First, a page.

I stood on the edge of the porch, paintbrush in hand. As the white paint slathered onto the wood, covering all the imperfections, the parallel wasn’t lost on me. I knew I was standing in the middle of a do over. I had lived a dark season of failing God. He knew it and I knew it. The choice of returning to that dark place was before me. Was I willing to make the other choice this time, the choice of following Jesus and His way?
I knew I had to make the right choice this time. This was my do over. My mind went back to Peter. He had failed Jesus so blatantly, too. Even after years of intimacy with Him, Peter had made the choice, out of fear maybe, to protect himself.
Out of fear, I had attempted to protect myself, my way. It only left me covered in shame. I knew Peter would relate.
As I painted the porch, accomplishing the chore that tethered me to the house, the thought of those dark moments made my knees weak. Peter’s redemption began to overshadow my thinking.
The boat was empty after a long night of trying to find a new focus. These men who knew all the ins and outs of fishing were returning to shore with an empty boat and discouraged souls. Suddenly from the shore comes the instruction to cast the net on the other side. Try this a new way. Do it His way. In blind faith, unsure of the One who was calling out the directions, the fishermen obey the suggestion and cast once more.
Suddenly the net can barely contain the 153 fish that seem to rush to be caught! The discouragement gave way to excitement as the men worked hard to gather the fish. The realization of the nearness of Jesus came over John and no sooner had Jesus been identified that Peter threw himself in the sea and splashed his way towards his precious Savior.
Somehow we just know grace will envelope us and cover the exposed shamed. Peter knew.
When the sea met the land, Jesus invited them to be fed and filled. Grace that meets us where we are but then fills us with what we need. And in those moments the intimacy of the Redeemer and His child is initiated. Jesus asks Peter, “Do you love me?” Not once. Not twice. But three times. Just as the three times Peter had failed Him so blatantly, Jesus now offers him three points of do over. Three points of laying down the shame and repenting.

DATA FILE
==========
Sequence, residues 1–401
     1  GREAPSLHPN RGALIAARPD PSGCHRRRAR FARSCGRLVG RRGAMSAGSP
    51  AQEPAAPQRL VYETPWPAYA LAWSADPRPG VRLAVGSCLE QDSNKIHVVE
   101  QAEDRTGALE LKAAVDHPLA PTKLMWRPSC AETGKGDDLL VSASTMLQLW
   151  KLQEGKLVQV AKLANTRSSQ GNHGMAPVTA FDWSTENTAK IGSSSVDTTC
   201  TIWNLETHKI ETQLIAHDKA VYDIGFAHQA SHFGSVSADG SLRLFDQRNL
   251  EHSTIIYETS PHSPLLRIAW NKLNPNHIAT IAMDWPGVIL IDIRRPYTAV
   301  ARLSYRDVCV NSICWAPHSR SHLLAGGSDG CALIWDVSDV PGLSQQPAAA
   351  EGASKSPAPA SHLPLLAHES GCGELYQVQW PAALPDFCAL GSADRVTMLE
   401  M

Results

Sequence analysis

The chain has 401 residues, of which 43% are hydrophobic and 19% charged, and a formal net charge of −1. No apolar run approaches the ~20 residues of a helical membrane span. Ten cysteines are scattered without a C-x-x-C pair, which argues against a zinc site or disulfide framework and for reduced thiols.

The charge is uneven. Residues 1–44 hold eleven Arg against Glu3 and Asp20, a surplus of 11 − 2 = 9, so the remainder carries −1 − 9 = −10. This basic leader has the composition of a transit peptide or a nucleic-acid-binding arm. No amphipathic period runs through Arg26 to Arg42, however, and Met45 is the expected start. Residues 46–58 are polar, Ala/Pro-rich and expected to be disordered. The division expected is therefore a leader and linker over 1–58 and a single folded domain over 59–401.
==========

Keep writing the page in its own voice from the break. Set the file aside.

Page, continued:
Jesus doesn’t leave us with words alone, but rather He offers actions for us to be able to respond with. Feed my lambs. Tend my sheep. Feed my sheep. Nothing glamourous or self-exalting, just the mundane tasks of a shepherd. But in those moments of being anchored back to the Good Shepherd, Peter was being called to redeeming actions of grace. Just as he was being graced, he was to respond with grace and love and service towards those smelly sheep he would be called to serve.
Jesus seals the lesson in this redemption with Peter the same way I felt He sealed it with me, “Follow me.” He knew hardships weren’t leaving any time soon, but He also knew Peter, and I, needed to be invited back, reminded of the call to follow Him. He did not revoke His call, He highlighted it. When we fail Him, because we will, He already knows and yet extends His scarred hands towards us to cover the shame, remove the guilt and invite us to go and love likewise.
As a redeemed atheist transformed by the Word of God, Mariel Davenport seeks to inspire women to tend their way by the Word to better know God and walk in the security of a deeper relationship with Him. Through her collaborative devotionals, journal, membership community and blog, she has reached ladies of all ages and denominations with the joy of knowing God through His Word. She is a homeschool mama turned writer who is passionate about her salsa garden and time on the porch with her husband of over twenty years. They make their home on the coast of North Carolina with their two nearly launched sons and favorite mutt, Scout.
Connect with Mariel:
Did you love today’s devotion?
Sign up to receive the weekly love offering straight to your inbox.